Nobody comes to the discussion on trust empty handed. We all have strong feelings about it. We know how it feels when trust is misused, betrayed, or withheld. Our perspectives are real and have been informed by a lifetime of experiences, pain and broken relationships. Sometimes these conclusions are helpful and sometimes they hold us hostage.
Over the years I’ve come to a surprising conclusion: our most popular theories about trust are often untrue and almost always unhelpful.
What I’m going to share will likely go against everything you’ve ever heard or thought about trust. Of all the flawed theories flying around about trust, there is one that is more prevalent and also more damaging than any other:
Trust’s Big Lie: Trust is something that is earned.
The Truth on Trust: Trust can’t be earned. It can only be given.
I know, I know. This is a lie that even I have believed for most of my life. The problem with it is that it just doesn’t make sense.
When we’re deciding how much to trust someone, we usually ask ourselves whether they have earned our trust. That seems like the smart thing to do. Until they earn it, we withhold trust to protect ourselves. We put protective policies in place. We micromanage to maintain control and create limits and boundaries to our relationships.
But the truth is, trust can never be earned. Trust can only be given.
Trust is the responsibility of the person who wants high trust. If you want others to trust you – it’s your responsibility. If you want to be able to trust others – it’s your responsibility. If you are committed to giving and building trust, and determined to overcome any obstacles that stand in your way, you will win high trust. If you work patiently and with perseverance to lead your team towards a high-trust, high-performance culture, you can see it happen. Ten of the most powerful two-letter words in the English language are: If it is to be, it is up to me. If you are to have high trust in your relationships, it starts and ends with you.
I fully realize that this line of thinking might make you squirm. When I'm working with my clients or speaking on this topic, this is where everyone starts to jump out of their seats.
But this lie is damaging. We need the ability to better approach trust and to have a vocabulary for making this thinking stick.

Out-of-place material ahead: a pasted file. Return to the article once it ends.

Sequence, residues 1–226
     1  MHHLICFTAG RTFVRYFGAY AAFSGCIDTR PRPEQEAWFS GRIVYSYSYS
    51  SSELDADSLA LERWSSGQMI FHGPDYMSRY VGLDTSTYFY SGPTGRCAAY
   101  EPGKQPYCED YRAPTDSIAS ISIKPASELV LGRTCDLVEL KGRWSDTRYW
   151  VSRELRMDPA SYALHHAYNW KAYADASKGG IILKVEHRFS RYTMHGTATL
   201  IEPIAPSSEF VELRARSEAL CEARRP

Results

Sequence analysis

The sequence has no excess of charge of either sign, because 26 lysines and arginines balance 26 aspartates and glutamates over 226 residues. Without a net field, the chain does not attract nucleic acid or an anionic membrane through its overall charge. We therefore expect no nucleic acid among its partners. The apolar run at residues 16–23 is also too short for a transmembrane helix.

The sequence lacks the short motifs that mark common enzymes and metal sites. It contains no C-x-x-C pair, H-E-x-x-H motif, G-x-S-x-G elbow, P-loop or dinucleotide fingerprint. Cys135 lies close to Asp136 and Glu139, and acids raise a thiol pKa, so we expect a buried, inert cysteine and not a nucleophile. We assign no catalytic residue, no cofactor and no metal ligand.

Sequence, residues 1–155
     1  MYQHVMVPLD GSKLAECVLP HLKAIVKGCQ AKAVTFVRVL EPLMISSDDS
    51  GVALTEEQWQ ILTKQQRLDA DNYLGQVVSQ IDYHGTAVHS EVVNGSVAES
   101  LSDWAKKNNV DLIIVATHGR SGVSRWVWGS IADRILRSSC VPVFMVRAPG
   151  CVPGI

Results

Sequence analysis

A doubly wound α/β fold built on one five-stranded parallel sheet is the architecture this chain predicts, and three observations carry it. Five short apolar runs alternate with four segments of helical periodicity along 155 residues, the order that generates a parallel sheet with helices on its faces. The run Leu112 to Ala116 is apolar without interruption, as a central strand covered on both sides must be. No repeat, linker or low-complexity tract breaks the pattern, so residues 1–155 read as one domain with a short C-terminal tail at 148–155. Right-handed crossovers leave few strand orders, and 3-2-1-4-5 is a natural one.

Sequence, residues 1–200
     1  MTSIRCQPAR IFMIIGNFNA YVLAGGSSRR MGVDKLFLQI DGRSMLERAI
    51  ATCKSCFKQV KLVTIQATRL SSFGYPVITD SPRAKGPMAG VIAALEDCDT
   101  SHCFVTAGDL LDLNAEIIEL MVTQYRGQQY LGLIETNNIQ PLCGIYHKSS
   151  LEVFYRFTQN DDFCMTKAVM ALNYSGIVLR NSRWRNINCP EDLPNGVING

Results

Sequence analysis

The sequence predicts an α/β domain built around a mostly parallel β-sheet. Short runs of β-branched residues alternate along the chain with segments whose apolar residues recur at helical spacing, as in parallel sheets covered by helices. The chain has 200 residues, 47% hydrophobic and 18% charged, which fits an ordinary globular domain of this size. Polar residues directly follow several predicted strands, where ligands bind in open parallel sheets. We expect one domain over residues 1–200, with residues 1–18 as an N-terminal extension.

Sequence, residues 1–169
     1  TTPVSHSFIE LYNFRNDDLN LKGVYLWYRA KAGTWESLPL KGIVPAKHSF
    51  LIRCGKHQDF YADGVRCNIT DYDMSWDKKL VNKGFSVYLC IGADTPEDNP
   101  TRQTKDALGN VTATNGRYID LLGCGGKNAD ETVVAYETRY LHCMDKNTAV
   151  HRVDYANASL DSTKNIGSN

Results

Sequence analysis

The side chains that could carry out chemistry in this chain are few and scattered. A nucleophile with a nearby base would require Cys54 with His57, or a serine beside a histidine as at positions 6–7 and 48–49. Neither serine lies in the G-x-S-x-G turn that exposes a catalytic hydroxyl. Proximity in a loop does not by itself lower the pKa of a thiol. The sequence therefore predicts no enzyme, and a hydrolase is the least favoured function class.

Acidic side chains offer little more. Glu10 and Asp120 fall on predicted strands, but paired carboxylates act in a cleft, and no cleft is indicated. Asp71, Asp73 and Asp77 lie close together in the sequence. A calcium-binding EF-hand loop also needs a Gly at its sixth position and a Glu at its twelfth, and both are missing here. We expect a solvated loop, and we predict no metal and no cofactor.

5 reasons why trust cannot be earned:
DISCLAIMER: (as requested to provide to readers by my wife)
This line of thinking isn’t for those people in your life that will take great advantage (or who have) of you. This line of thinking isn’t for casual encounters, and it certainly doesn’t mean you post your banking information on the bumper of your car. This line of thinking is for people that you are in personal relationship with, a working relationship with, that you care to have high trust with, and where winning the relationship game is key.
Earning trust requires keeping score. Every time you keep score you create a winner and a loser. In the game of relationships, this only leaves losers.
When you wait for people to earn your trust, you are not sharing your scoring system. Nobody knows how to win and therefore can’t meet your unspoken needs.
It is impossible to be good enough, long enough, and consistent enough to keep in high standings. Everyone falls short and the journey to earn trust has no end in sight.
Earning trust is me-focused and you-focused. The more I focus on me and what I need, want and desire in a relationship, the less room there is for me to give you what you need, want and desire. In essence, making people earn trust is a selfish act.
Relationships and teams are messy. There are challenges and struggles with most all of them. A you-must-earn-trust model does not incentivize you to be a better you, to offer the benefit of the doubt, and to serve those around you.
I realize you may not totally agree, but stay with me awhile. Dig into the principles and ideas around trust, and let’s create a new way of thinking and more importantly, a new way of doing together.
Lead Well, Lead Often, and LEAD STRONG!
Richard Fagerlin is the author of Trustology: The Art and Science of Leading High Trust Teams, and is the founder and president of Peak Solutions. With over 20 years of leadership and organizational development experience, he is a sought-after speaker, consultant and facilitator. Richard travels internationally helping clients intentionally create a culture of high trust and to be on purpose with developing leaders at all levels of the organization.